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Flames vs. Coyotes recap: Fighting for spots

There isn't much room on the roster, but several Flames prospects spent the night showing they deserve to make it.

Candice Ward-USA TODAY Sports

Sylvan Lake won Kraft Hockeyville and got to host a preseason game between the Calgary Flames and Arizona Coyotes. They weren't disappointed, as both teams combined to put on a hell of a show for them - especially a number of Flames prospects fighting to make the roster.

First Period

It was the Coyotes putting on the pressure to start the game. Much of the game's beginning was spent buzzing around the Flames' net, but Joni Ortio was able to foil the Yotes' chances at the beginning.

Down on the other end, it should go without saying just who it was getting most of the Flames' chances. (Hint: his name starts with J, and ends with ohnny Gaudreau.)

With all the early pressure Arizona (Arizona!) had, however, they were bound to strike first. Ortio made the initial stop, but Patrick Sieloff was unable to clear the rebound and Matt Kassian, who is with the Coyotes on a tryout, buried it to put them up 1-0.

Keeping up the pressure, the Coyotes who got the first opportunity on the powerplay as well. David Wolf, who is supposed to be truculent, showed that he was - a little too much, as he was called for roughing. The Flames did a good job limiting the Coyotes' chances with the extra man, however. In fact, the best chance on the entire powerplay came courtesy of Max Reinhart, who took the puck into the Coyotes' zone on his own and got a shot off.

He didn't score, but the penalty was killed. It didn't matter too much, however, as yet another Ortio rebound would go sour. The young Finnish netminder tried whacking the puck to clear it, but Joe Vitale was right there, and with some good hand-eye co-ordination, hit it out of mid-air and in.

Sven Baertschi and Michael Ferland combined to try to respond, but couldn't capitalize. Turner Elson drew a penalty, but the Coyotes killed it; however, after a Brian McGrattan shot and some grit courtesy of David Wolf, the Flames got another powerplay chance. Mikael Samuelsson took a delay of game near the end of the period, and a Flame was finally able to capitalize it.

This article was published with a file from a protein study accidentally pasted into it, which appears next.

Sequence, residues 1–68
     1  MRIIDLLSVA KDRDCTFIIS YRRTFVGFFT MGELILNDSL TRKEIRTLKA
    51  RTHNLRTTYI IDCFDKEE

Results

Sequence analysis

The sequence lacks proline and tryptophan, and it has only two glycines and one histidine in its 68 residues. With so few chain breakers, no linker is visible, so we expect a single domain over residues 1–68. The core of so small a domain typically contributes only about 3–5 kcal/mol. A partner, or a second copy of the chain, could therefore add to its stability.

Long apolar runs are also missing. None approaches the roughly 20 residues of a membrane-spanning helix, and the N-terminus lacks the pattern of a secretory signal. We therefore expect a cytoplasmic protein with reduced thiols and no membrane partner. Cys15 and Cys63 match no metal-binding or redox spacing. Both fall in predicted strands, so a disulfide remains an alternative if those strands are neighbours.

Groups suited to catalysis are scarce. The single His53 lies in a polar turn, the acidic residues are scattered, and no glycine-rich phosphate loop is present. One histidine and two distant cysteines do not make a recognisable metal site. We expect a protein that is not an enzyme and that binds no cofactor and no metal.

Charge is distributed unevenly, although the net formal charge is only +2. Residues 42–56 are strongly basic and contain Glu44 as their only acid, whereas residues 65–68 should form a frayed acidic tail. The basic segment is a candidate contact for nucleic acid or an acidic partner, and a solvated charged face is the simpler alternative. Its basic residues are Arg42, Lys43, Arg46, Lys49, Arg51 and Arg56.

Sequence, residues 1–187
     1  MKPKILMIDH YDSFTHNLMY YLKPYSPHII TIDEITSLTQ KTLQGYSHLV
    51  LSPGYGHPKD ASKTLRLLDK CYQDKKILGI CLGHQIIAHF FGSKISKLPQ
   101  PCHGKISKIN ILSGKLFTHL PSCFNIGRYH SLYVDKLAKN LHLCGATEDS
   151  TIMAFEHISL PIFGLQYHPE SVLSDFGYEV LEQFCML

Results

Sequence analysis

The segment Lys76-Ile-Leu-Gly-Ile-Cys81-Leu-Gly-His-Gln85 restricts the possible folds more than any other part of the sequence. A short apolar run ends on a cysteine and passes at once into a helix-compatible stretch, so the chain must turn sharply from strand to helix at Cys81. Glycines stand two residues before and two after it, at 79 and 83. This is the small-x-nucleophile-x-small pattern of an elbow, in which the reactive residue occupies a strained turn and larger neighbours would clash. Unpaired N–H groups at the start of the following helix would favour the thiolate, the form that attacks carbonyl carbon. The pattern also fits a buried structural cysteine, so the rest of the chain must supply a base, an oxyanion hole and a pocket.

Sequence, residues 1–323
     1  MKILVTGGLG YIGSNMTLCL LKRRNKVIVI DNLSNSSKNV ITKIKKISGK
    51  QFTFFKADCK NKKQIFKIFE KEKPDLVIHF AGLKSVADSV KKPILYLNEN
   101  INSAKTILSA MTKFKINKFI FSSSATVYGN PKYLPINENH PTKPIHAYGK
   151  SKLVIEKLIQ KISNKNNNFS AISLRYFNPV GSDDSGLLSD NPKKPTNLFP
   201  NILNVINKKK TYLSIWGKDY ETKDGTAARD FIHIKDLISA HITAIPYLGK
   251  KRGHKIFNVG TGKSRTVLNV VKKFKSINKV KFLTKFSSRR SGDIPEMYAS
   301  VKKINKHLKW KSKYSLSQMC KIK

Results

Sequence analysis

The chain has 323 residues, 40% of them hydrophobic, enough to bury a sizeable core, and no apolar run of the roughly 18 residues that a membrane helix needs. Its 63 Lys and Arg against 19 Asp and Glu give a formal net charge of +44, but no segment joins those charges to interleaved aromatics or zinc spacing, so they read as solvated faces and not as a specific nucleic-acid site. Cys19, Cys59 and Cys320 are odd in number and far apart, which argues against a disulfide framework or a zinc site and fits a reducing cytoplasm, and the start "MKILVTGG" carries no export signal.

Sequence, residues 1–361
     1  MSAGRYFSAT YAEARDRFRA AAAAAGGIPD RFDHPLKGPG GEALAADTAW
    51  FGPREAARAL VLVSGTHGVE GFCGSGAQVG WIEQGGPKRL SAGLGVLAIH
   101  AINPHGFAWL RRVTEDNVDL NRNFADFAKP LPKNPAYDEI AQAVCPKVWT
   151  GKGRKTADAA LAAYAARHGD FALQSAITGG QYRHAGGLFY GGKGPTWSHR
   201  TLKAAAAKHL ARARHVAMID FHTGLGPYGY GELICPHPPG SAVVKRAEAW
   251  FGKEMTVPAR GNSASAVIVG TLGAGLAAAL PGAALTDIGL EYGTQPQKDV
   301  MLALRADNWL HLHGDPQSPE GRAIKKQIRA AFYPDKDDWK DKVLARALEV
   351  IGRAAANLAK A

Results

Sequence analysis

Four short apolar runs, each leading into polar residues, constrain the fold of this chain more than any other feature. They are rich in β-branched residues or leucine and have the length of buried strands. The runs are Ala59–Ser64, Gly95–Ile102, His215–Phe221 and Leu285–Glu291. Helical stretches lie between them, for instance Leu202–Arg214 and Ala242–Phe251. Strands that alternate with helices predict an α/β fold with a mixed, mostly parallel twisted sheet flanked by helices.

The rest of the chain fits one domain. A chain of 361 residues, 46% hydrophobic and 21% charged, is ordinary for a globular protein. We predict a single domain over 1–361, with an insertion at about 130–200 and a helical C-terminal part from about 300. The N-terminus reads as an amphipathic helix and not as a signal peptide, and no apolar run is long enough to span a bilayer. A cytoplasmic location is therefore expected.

That Flame was Deryk Engelland, already working to earn his contract. His point shot went through traffic and in the back of the net, cutting the lead to 2-1. Morgan Klimchuk nearly scored right after as the Flames had a strong finish to the end of the first, outshooting the Coyotes 14-8.

Second Period

Calgary took that momentum and added to it as they came back for the second. Markus Granlund, who absolutely should be the leading candidate to replace the currently injured Mikael Backlund, dished an amazing feed across the ice to McGrattan. McGrattan had a wide open net to shoot at, and thankfully, he didn't miss, tying the game at 2.

The tie wouldn't last long, however, as with a lot of traffic in front of the net, Ortio was slow to react to a chaotic puck, and the Coyotes took the lead, 3-2, after it bounced off BJ Crombeen's leg and in.

Penalties were exchanged throughout the period - including one taken by Gaudreau! He was called for hooking - but, despite the Coyotes' lead, the Flames were actually outshooting them 25-14.

Just as the period was ending, Baertschi picked up the puck and carried it into the offensive zone on his own. In the dying seconds, he took a shot that Mike McKenna should have had, but didn't. The Swiss prospect, fighting for a roster spot, scored to tie the game at 3.

Third Period

The Flames were down a man to start the third, as it was announced Klimchuk, himself an injury replacement for Mason Raymond, would not return to the game with an upper body injury. In his absence, some other highly rated Flames prospects - notably, Granlund and Gaudreau - worked to generate some excellent scoring chances.

Sheldon Brookbank started getting shots on net, trying to join Engelland and McGrattan in the night of weird goal scorers. The Flames continued to pepper shots on net, including some excellent combinations from Gaudreau and Baertschi, with Joe Colborne centring them. Reinhart was in on the scoring attempts as well, providing a good showing from much of the Flames' older prospects.

The Flames closed out the period with several penalties: Brookbank a little too aggressive; Brett Kulak, who had a pretty good night, getting a little too involved; and finally, in the dying 1:30, Patrick Sieloff closed his hand on the puck, resulting in a delay of game. The Flames' penalty kill remained perfect all night, however; and Doug Carr, who stepped in for Ortio for the third period, held strong throughout to send the game to overtime.